Genre: Historical Fiction, YA, Romance
Queer Rep: Bi and Gay (I think)
Warnings: Memories of abuse and trauma, homophobia, racism, sexism (all from outside characters and not condoned by the MCs. Still sucks), some violence
Henry “Monty” Montague was born and bred to be a gentleman, but he was never one to be tamed. The finest boarding schools in England and the constant disapproval of his father haven’t been able to curb any of his roguish passions—not for gambling halls, late nights spent with a bottle of spirits, or waking up in the arms of women or men.
But as Monty embarks on his Grand Tour of Europe, his quest for a life filled with pleasure and vice is in danger of coming to an end. Not only does his father expect him to take over the family’s estate upon his return, but Monty is also nursing an impossible crush on his best friend and traveling companion, Percy.
Still it isn’t in Monty’s nature to give up. Even with his younger sister, Felicity, in tow, he vows to make this yearlong escapade one last hedonistic hurrah and flirt with Percy from Paris to Rome. But when one of Monty’s reckless decisions turns their trip abroad into a harrowing manhunt that spans across Europe, it calls into question everything he knows, including his relationship with the boy he adores.
The Gentleman’s Guide to Vice and Virtue took me by surprise. Where I was expecting a mostly romcom slice of life during the 1700s, I was instead given a breathless adventure with humor and heart. This book made my heart soar, squeeze, and shriek (or maybe that was just me), and I would recommend it to anyone interested in the many subgenres it encompasses.
We begin working under the assumption that Monty is going on his grand tour of Europe with his best friend (and object of adoration, of course) and that is where the fun and romance will unfold. This is… partially correct. But mostly, it is just the beginning to a series of cascading dominoes that fall to create Monty’s epic adventure.
It is fast paced—almost too fast for me at times, as I wanted some more character bonding/or intimate moments—but even with that minor gripe, I couldn’t really complain. I desperately wanted to know more at all times: What is this person up to, how will Monty evade his chaperone, WHEN WILL THEY KISS. By the time the mysteries behind it all really start to ramp up, I was too invested to look away.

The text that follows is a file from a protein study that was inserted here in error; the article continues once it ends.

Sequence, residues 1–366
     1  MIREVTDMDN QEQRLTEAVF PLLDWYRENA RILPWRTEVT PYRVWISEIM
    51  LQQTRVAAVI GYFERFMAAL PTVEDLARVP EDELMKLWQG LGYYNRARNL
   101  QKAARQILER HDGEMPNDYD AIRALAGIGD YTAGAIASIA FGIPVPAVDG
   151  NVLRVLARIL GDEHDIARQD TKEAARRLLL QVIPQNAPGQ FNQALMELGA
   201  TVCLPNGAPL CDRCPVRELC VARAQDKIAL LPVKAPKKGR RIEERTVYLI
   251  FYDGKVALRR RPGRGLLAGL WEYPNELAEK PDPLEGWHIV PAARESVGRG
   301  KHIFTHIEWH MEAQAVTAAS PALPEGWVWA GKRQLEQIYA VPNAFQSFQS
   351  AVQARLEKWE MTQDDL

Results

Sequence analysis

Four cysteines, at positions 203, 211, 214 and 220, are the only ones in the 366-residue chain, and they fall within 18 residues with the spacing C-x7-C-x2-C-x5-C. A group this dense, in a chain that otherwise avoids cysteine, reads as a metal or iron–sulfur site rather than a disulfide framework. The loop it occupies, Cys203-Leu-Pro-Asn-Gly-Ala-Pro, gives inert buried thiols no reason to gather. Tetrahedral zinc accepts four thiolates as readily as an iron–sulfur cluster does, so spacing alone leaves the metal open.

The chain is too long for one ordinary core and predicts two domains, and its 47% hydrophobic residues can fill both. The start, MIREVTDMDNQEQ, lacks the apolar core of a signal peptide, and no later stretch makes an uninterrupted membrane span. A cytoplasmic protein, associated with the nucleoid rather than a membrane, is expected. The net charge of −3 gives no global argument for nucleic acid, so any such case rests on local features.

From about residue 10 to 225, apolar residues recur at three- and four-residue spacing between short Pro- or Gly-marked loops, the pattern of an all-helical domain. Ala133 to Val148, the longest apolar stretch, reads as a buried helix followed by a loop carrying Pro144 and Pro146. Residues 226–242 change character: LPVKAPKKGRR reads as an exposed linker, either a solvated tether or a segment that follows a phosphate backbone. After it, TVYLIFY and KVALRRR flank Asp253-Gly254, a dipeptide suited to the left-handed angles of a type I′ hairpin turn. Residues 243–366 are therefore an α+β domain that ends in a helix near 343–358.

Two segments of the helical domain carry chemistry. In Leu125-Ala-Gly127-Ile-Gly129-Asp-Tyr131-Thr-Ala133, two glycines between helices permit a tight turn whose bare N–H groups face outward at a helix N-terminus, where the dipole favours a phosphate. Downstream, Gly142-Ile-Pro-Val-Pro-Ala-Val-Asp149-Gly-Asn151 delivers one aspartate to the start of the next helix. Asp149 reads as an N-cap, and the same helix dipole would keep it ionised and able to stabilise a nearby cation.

(Literally—I couldn’t put down my Kindle)
Mackenzi Lee knows Europe, and she knows how to make you feel like you do, too. Every city lives and breathes on the page, with flourishing details sewing lavish settings around you. It wasn’t something that made the pages or prose drag, but boy could you get lost in them. I loved her attention to minute beauty and how every description felt like it was done with love.
The characters are what make this book feel so incredibly potent. They are real, from the hairs on their heads all the way to their toes. And boy are they flawed.
Monty is the true center of the novel (everything is told from his POV), and he is an absolute disaster. He has flaws that run so deep I wondered if he realized they were there at all. He also has trauma, and heart, and a desire to make the person he loves happy.
The growth Monty experiences throughout the novel is massive, and its beautiful and cathartic to see this journey from the outside. We’ve all been dumb kids (or dumb adults), and we’ve all had to undergo our own crucible. Monty’s is extreme, but its gorgeous and satisfying to read.
Monty’s love interest is pure and wonderful, one of those handsome cinnamon roll characters who deserve everything good in the world. I also adore Felicity, and I look forward to reading the novel centered around her once I finally have time.
I’m recommending this novel to pretty much everyone I know. You are now included.
Please! Read this book! Just sit down, strap in, and prepare yourself for white-knuckle adventure and characters so real it hurts.
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